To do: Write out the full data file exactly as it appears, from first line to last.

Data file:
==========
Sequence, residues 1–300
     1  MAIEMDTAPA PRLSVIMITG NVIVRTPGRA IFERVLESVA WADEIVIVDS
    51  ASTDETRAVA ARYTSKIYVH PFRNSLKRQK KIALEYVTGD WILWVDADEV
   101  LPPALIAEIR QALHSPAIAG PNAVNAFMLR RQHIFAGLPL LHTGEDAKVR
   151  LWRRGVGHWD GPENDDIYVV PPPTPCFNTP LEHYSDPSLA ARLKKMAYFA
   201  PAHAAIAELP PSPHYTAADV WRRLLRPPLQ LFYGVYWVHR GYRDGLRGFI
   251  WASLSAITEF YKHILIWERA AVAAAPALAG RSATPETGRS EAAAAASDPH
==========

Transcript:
Sequence, residues 1–300
     1  MAIEMDTAPA PRLSVIMITG NVIVRTPGRA IFERVLESVA WADEIVIVDS
    51  ASTDETRAVA ARYTSKIYVH PFRNSLKRQK KIALEYVTGD WILWVDADEV
   101  LPPALIAEIR QALHSPAIAG PNAVNAFMLR RQHIFAGLPL LHTGEDAKVR
   151  LWRRGVGHWD GPENDDIYVV PPPTPCFNTP LEHYSDPSLA ARLKKMAYFA
   201  PAHAAIAELP PSPHYTAADV WRRLLRPPLQ LFYGVYWVHR GYRDGLRGFI
   251  WASLSAITEF YKHILIWERA AVAAAPALAG RSATPETGRS EAAAAASDPH